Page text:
Emergency primary assessment (Pediatric)

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    Emergency Secondary Assessment (Pediatric) - CE/NCPD

    The content in Clinical Skills is evidence based and intended to be a guide to clinical practice. Always follow your organization’s practice.


    Do not begin the secondary assessment until the primary assessment is complete and resuscitation procedures are initiated based on the findings of the primary assessment.

    Immediately stop the secondary assessment and address any life-threatening conditions if the patient’s condition deteriorates.


    The secondary assessment is a rapid and systematic assessment of a critically ill or injured patient from head to toe to identify all signs of illness and injuries or of a patient who is seriously ill when the cause of signs and symptoms is unclear.undefined#ref2">2

    There are two major components of the secondary assessment: the focused history and the focused physical assessment, both based on the presenting signs and symptoms.


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    • Give developmentally and culturally appropriate education based on the desire for knowledge, readiness to learn, preferred learning style, and overall neurologic and psychosocial state.
    • Explain the secondary assessment, including the steps and rationale.
    • Explain how the patient and family can assist with the procedure.
    • Instruct the patient (as developmentally appropriate) to avoid moving until a spinal cord injury has been ruled out. Instruct the family not to move the patient.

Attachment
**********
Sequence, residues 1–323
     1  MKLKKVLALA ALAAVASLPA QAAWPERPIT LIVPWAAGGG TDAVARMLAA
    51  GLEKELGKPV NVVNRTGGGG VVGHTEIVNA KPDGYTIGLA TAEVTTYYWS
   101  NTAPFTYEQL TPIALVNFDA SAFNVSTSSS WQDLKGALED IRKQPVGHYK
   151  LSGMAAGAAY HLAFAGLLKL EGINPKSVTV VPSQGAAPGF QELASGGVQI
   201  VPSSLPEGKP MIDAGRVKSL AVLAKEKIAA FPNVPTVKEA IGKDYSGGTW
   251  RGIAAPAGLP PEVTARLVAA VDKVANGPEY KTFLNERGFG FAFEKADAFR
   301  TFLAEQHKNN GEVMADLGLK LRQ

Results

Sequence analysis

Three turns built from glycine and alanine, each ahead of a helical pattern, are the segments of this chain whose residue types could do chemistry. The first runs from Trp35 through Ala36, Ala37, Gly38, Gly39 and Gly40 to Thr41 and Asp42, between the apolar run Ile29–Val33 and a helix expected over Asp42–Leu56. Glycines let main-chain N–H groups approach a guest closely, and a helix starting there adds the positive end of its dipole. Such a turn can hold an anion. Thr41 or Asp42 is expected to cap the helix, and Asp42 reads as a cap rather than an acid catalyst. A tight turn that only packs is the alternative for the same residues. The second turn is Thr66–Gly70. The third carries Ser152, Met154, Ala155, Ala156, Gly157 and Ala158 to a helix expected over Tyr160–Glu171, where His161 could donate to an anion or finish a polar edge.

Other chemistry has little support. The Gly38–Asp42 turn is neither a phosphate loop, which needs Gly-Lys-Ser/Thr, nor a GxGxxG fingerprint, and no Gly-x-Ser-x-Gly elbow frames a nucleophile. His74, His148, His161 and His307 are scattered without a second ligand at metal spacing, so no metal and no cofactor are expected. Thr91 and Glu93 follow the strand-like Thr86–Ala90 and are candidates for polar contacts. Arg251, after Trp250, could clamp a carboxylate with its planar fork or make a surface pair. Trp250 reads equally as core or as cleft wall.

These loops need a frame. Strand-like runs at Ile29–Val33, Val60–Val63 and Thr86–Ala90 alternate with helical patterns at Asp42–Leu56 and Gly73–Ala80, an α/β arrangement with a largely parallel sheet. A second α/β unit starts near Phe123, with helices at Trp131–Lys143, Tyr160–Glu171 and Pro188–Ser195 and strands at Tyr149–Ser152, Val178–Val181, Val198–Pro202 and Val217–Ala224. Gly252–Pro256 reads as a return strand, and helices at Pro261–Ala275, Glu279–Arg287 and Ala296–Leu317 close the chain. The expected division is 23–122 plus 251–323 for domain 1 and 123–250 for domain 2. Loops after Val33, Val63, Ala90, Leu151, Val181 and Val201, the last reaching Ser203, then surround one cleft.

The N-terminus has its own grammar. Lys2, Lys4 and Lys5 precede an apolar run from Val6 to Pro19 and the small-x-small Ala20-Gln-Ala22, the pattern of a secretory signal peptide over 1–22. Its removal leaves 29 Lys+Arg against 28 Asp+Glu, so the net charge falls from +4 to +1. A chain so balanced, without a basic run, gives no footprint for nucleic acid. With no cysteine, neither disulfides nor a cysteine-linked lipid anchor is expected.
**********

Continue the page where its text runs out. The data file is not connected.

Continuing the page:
• Explain that if the patient feels pain during the procedure, it will be addressed.
    • Explain that the patient may feel anxiety during the procedure.
    • Encourage questions and answer them as they arise.



    1. Ensure that the primary assessment is complete and interventions have been initiated for life-threatening conditions.
    2. Proceed immediately to the next step if already wearing personal protective equipment (PPE), including gloves and—if indicated—a mask, eye protection, and fluid-resistant gown. Otherwise, perform hand hygiene and don gloves and appropriate PPE based on the patient’s signs and symptoms or infection precautions. Don gown, mask, and eye protection or face shield if the risk of splashing exists.


    1. If the patient is at risk for spinal injury, ensure that spinal motion restriction is maintained throughout each step of the primary and secondary assessments.
    2. Initiate interventions for septic shock.3
      1. Administer fluids (10 ml/kg to 20 ml/kg aliquots) and frequently reassess the patient.
      2. Administer either epinephrine or norepinephrine as an initial vasoactive infusion; if neither is available, dopamine may be considered.